Question: This may seem an unusual question. However, my husband is the sole owner of the family home and surrounding lands which he inherited from his father. We are married a number of years now with children. Would it be possible for him to make a Will disinheriting me and giving everything to one of our children?

Answer: The simple answer is no, it would not be possible for him to do that because of the Succession Act 1965. As a brief background to this Act, it may be interesting to know, that when Charlie Haughey, the then Minister for Justice in 1965, was introducing the Succession Act, he wanted to have provisions placed in it to prevent situations where spouses were making Wills which totally cut off their families without money, or for example, in the case of a wife married to a farmer, everything would be given to a son with the widow only inheriting a Right of Residence in the farm house. Remember it was almost always the case,,not that long ago in Ireland,that a house or Business or Farm was solely owned by the man . And that is how the term “Legal Right Share” was introduced into Irish Law.

LEGAL RIGHT SHARE OF SURVIVING SPOUSE.

This guarantees that in a marriage, no matter what a Will says, a widow/widower has rights.

By virtue of Sections 111-116 along with Section 56 of the Act a surviving spouse is entitled to one half of the estate of the other spouse in a situation where there are no children or, as in your situation, one third of the estate where there are children.

Therefore if a spouse makes a Will purporting to give to his/her surviving spouse less than one third of the assets , it is open to the surviving spouse to challenge that Will and make a claim for one third of the assets. This does not mean that the widow/widower would have to go to Court. It simply means that Notification would need to be given to the Executor administering the estate of the intention to claim the share. It would then be a matter for the person in charge of administering the estate to make sure that the widow/widower’s rights were not ignored.

FAMILY HOME.

The family home holds a special enshrined place in our Constitution and that sentiment is reflected in the SuccessionAct.

Therefore if the estate of the deceased has a family home, it is open to the surviving widow/widower to appropriate the house and the household chattels in and towards satisfaction of the share. If the family home and household chattels are worth more than the shares of the widow/widower and any infant , he/she may settle up the balance in cash. However, in some circumstances, a Court may decide that in cases of hardship an appropriation can be made without the payment in cash, or on the other hand, with a payment of such amount as the court considers reasonable.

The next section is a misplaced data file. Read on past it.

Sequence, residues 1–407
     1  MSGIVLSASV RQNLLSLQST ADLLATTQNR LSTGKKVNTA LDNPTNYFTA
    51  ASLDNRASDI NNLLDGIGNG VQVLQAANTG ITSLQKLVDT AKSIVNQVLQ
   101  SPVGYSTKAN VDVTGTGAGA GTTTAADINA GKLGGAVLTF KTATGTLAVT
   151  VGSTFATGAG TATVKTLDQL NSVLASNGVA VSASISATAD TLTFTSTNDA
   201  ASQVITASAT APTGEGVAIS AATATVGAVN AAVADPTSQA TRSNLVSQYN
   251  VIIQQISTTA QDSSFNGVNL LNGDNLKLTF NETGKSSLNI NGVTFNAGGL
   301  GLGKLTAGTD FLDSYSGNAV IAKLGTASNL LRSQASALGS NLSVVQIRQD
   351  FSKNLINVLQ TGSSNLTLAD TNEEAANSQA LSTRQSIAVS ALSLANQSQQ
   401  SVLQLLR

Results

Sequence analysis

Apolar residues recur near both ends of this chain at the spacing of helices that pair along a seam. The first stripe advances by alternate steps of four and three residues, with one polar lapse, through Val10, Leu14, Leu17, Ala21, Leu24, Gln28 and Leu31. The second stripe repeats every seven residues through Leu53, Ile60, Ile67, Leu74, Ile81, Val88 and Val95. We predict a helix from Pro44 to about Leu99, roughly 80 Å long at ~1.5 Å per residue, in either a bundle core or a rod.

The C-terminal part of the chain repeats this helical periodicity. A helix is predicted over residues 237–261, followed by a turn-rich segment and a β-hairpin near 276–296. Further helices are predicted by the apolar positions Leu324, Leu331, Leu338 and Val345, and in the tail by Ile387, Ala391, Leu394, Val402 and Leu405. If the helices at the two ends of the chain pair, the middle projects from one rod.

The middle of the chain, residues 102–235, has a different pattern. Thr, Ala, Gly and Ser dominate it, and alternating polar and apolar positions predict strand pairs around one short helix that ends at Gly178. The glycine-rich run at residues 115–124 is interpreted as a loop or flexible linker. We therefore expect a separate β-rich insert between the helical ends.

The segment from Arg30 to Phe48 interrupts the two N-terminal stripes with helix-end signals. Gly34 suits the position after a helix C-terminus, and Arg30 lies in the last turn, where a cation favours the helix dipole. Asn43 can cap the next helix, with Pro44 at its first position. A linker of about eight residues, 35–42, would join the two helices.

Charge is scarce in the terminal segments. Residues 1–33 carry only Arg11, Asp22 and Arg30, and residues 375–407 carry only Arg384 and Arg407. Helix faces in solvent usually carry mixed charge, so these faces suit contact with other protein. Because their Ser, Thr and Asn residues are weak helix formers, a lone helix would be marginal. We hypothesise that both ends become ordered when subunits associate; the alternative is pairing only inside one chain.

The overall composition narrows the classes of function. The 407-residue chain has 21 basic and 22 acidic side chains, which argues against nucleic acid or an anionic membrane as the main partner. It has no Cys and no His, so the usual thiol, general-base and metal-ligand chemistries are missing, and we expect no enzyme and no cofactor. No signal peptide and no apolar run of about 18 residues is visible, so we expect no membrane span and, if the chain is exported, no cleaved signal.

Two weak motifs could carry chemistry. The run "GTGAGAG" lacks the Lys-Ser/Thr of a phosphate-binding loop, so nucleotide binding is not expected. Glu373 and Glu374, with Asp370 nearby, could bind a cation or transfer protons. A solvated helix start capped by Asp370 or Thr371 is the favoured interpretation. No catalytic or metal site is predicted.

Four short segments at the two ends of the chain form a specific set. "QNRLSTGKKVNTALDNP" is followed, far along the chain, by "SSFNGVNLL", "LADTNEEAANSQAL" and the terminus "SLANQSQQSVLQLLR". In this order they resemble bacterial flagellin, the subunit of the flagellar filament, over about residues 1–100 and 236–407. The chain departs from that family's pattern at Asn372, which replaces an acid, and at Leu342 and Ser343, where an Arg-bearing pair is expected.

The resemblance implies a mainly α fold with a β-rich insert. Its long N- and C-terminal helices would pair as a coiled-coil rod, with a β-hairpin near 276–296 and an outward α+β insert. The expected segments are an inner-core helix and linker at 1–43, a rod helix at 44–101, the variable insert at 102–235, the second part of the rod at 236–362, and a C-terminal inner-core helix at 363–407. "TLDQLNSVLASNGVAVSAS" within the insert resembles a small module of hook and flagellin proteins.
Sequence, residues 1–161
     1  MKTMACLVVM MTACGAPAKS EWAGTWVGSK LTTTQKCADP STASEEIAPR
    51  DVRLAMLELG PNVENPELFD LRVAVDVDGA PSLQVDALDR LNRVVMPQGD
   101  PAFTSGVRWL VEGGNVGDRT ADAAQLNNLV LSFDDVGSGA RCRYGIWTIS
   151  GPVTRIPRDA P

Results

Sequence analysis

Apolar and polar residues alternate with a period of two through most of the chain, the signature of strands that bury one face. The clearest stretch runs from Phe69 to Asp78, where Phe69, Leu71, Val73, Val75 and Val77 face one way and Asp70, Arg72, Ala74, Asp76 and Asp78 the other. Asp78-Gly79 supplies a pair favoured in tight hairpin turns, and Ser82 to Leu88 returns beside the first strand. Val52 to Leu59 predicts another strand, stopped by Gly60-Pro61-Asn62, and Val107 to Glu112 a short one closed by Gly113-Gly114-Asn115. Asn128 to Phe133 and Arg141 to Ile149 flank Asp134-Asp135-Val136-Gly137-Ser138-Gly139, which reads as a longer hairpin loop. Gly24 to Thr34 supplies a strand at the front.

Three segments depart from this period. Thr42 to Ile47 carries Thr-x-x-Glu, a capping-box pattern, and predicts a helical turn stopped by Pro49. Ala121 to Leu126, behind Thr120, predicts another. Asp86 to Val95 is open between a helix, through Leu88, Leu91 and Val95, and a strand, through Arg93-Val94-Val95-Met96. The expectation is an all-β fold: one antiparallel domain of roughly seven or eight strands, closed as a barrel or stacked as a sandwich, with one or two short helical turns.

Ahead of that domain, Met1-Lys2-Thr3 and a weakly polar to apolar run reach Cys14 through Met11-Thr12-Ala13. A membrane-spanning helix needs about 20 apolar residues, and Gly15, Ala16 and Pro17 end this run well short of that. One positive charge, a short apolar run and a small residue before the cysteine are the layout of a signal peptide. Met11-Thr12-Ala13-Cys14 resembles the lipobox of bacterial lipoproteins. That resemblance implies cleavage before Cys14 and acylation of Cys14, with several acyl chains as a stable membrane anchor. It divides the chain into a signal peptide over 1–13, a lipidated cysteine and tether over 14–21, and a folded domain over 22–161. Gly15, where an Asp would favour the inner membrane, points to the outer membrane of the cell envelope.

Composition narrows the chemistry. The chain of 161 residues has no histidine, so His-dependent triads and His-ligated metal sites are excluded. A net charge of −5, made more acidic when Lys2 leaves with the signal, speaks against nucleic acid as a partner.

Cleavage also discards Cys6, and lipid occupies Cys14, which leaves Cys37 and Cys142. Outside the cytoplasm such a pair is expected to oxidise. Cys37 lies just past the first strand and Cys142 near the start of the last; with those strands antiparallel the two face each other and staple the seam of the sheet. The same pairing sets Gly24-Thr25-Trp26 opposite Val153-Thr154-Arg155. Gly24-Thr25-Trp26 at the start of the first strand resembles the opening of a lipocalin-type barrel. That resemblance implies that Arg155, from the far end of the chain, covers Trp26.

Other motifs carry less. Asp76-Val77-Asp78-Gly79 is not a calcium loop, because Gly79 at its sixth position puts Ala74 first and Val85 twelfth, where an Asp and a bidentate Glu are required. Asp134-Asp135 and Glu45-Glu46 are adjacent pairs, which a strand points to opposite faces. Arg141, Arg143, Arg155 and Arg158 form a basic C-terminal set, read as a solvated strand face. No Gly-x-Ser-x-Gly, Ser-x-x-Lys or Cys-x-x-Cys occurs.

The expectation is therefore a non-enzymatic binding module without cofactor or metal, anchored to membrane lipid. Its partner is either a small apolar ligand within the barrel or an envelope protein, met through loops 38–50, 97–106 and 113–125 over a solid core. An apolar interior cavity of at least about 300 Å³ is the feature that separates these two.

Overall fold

However, the right to appropriate a family home may require Court consent where for example, a dwelling is situate on a family farm. In the 1978 High Court case of H.vH. a farmer died leaving him surviving a wife and no children. In his Will, he gave the family home and 113 acres of land to his nephrew, subject to the right of his wife to the exclusive use of a bedroom in the dwelling. Not surprisingly, the widow elected to claim her legal right share. Kenny J. Held,in the High Court , that when the dwelling sought to be appropriated is held with agricultural land the onus of establishing that the appropriation of it is unlikely to diminish the value of the assets other than the dwelling, is on the surviving spouse. This may regretfully be expensive and cumbersome if the parties do not agree and it could be argued that that there is a grave defect in the Succession Act that it does not provide any method by which lands maybe divided between a widow/widower who is entitled to one-third or one-half share and the other beneficiaries.

CONCLUSION

The legal Right of a prospective spouse can also be renounced before marriage in a prenuptial contract made in writing between the parties to the intended marriage. However, this is not relevant in the context of the question being answered here.

Suffice to know that there is a legal mechanism in place to provide for the rights of a widow/widower and that a Will cannot be made that simply cuts a surviving widow/widower out.

Myra Dinneen

Published: West Cork People January 2009